As warm weather approaches and the days become longer, we find ourselves becoming more active and spending more time outside with our animals. While this is a welcome change, it’s important to keep in mind that the changing seasons also bring with them some situations that pet parents should be cautious of, as we haven’t had to worry about the possibility of them arising during the colder months. There are a wide variety of seasonal concerns that may cause injury to your pet, and the best way to avoid these instances is to be made aware of the potential harm to your companion before it’s too late.
Listed below are several potential dangers that Spring and Summer may present. We hope that by providing this safety guide, we may aid in avoiding an unexpected hospital visit.
Anaphylaxis is a condition that occurs when an allergic reaction is so severe that it can become life-threatening. Unfortunately, the likelihood of running into potential triggers of an anaphylactic episode coincides with the increase in temperature. Some of the most common warm weather triggers for this reaction include most insects and spiders, but especially bees. While it is nearly impossible to limit all interaction with bugs, it is a good idea to be extra mindful and remain vigilant when outside with your pets. A bite from an insect or a spider can cause a severe reaction, but bee stings can be especially dangerous. Common signs of an allergic reaction to such a situation include swelling, redness at the site, and hives. The most common area for a bee sting or insect bite to occur is around your animal’s muzzle or feet. If you notice these symptoms, call your vet or local animal emergency hospital. Based on the severity of the symptoms, a visit to the hospital may be warranted. In the most severe scenario, you may note difficulty breathing due to facial swelling causing an obstruction of the airway. If this were to occur, it would become an emergency and be important to get your animal to a hospital quickly. If you find yourself going to the hospital in a less severe version of this situation, you can likely expect injections of steroids and antihistamines.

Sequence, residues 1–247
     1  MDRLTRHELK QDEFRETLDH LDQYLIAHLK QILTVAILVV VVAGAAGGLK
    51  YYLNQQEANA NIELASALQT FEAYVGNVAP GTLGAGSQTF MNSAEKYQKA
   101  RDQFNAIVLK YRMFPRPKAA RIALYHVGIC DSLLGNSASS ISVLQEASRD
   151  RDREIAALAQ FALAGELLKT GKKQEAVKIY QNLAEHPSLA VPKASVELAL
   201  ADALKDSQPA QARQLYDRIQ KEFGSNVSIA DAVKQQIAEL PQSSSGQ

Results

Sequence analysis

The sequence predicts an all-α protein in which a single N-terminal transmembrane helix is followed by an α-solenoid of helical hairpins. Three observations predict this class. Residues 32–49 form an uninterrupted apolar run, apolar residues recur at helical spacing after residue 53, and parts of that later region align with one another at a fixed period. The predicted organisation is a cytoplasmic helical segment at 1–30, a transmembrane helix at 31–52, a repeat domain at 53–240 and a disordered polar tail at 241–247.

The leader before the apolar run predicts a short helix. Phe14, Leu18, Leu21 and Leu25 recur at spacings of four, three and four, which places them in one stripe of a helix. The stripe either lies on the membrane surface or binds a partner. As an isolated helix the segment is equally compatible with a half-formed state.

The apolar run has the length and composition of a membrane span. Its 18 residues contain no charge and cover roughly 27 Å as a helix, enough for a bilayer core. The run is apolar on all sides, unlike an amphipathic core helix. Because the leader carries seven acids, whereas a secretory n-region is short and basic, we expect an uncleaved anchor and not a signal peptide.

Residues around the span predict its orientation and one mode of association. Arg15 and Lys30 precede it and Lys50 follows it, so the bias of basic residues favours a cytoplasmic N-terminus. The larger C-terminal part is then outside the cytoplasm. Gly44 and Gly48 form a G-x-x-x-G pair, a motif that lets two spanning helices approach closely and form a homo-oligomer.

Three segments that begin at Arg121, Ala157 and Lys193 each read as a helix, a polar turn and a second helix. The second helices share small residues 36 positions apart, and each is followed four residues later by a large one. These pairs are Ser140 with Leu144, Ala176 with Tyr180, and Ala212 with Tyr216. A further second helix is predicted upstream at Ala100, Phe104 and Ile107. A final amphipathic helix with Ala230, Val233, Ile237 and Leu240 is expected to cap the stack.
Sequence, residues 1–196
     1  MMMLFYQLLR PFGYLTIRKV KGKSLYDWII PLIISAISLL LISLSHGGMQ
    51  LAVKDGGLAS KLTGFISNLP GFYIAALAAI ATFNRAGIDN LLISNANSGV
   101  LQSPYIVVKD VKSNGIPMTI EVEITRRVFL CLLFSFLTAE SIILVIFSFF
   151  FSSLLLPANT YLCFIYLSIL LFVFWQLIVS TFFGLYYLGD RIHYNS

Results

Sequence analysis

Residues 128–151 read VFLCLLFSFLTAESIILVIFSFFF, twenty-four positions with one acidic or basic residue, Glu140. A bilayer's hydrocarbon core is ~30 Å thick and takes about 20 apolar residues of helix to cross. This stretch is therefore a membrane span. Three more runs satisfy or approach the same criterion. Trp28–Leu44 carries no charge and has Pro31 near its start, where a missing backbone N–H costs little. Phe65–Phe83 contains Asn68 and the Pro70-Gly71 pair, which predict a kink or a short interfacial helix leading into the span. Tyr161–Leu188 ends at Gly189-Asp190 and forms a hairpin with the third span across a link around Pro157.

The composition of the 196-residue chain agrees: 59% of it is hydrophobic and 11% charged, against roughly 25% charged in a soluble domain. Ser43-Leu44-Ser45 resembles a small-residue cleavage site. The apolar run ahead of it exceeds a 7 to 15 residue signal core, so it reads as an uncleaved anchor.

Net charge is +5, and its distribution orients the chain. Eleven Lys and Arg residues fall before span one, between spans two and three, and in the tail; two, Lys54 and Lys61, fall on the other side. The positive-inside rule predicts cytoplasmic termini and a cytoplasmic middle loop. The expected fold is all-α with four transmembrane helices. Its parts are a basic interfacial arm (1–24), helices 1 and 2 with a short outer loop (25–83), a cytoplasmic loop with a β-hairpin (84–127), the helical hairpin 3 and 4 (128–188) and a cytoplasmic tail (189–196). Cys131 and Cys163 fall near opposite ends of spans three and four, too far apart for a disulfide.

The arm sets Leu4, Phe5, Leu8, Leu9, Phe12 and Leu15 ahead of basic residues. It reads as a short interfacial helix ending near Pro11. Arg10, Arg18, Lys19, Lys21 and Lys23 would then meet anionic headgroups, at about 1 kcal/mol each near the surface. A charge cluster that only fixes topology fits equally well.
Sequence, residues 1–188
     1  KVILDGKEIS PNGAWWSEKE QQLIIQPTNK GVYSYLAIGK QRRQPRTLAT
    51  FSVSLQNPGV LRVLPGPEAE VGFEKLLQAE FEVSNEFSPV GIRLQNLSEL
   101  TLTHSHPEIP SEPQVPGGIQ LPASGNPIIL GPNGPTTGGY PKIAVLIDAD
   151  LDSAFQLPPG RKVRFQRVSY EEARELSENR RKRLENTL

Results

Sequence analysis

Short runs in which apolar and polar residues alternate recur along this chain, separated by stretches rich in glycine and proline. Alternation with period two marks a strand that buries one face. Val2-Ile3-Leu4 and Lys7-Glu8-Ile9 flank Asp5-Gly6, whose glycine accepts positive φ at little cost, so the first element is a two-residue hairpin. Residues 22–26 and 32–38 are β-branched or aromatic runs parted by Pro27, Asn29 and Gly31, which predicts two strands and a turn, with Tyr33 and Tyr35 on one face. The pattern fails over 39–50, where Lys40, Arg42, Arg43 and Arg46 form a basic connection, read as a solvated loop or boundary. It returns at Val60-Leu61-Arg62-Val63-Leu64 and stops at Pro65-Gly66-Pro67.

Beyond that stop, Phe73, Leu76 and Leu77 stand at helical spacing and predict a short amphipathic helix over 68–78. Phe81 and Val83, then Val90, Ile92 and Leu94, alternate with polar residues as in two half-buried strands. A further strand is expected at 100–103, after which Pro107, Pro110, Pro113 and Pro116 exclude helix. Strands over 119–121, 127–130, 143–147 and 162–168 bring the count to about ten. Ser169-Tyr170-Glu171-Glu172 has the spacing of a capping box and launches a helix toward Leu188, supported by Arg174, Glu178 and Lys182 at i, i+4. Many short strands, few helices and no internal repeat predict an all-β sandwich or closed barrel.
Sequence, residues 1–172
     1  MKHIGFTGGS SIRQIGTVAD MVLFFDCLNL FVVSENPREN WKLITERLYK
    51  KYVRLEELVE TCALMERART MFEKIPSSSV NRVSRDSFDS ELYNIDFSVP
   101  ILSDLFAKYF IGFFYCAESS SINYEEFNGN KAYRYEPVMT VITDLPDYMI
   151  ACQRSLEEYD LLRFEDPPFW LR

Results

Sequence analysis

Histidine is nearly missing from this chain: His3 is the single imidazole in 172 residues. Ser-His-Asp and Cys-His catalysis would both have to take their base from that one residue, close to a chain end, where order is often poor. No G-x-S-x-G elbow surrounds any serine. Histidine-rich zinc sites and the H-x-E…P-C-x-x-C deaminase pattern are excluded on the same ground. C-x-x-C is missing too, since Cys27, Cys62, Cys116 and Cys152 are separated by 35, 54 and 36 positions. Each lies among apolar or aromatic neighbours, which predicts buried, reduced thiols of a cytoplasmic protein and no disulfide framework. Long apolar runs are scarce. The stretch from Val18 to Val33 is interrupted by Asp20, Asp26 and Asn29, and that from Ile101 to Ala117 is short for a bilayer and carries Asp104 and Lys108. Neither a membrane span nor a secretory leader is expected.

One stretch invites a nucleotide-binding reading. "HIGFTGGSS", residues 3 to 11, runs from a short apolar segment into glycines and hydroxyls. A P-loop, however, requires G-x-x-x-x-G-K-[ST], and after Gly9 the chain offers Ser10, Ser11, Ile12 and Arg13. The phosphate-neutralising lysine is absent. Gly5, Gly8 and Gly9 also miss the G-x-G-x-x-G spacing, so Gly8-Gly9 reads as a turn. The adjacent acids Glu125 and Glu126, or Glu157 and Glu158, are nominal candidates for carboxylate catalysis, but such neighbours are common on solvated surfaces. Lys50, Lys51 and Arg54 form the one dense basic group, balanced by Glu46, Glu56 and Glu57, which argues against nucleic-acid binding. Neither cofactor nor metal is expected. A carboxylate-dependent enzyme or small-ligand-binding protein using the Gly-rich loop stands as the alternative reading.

Return to Exercise
The warm weather returning after many cold months usually brings with it a sense of motivation to go outside and enjoy the sunshine. While this is generally a good thing and exercise is healthy for your pet, too much of it can be detrimental. That is why it’s important to ease your pet back into exercise just like you would yourself. Many animals will run themselves to the point of exhaustion, and sometimes that can warrant an emergency vet visit. There is also the possibility of breaking a bone or tearing ligaments if they make a wrong move too quickly. Be sure to be mindful of the amount of activity and to re-introduce exercise in moderation to prevent injury or harm. Also keep in mind that warm weather and exercise can be a deadly combination if the proper precautions are not taken. During the summer months it is best for your pet to avoid being outside unnecessarily or for extended amounts of time during the hottest part of the day. Also be sure to provide plenty of water, shade and breaks when playing outside with your pet.
Pesticides and Fertilizer
Pesticides, fertilizers, and lawn treatments are commonly used this time of year to promote a healthy yard appearance and deter pests. While these things are good for your yard, they can be very dangerous to your animals. Finding a pet friendly fertilizer is highly recommended, but it’s also a good idea to keep your animals off of the lawn 2-3 hours after applying any treatments. If pets are exposed to the yard shortly after it has been treated, it’s recommended to wipe their feet off. This is because some pets have the urge to lick their feet and therefore would be directly ingesting some of the chemicals. The most common symptom that we would see with fertilizer ingestion is GI upset which would likely present as vomiting.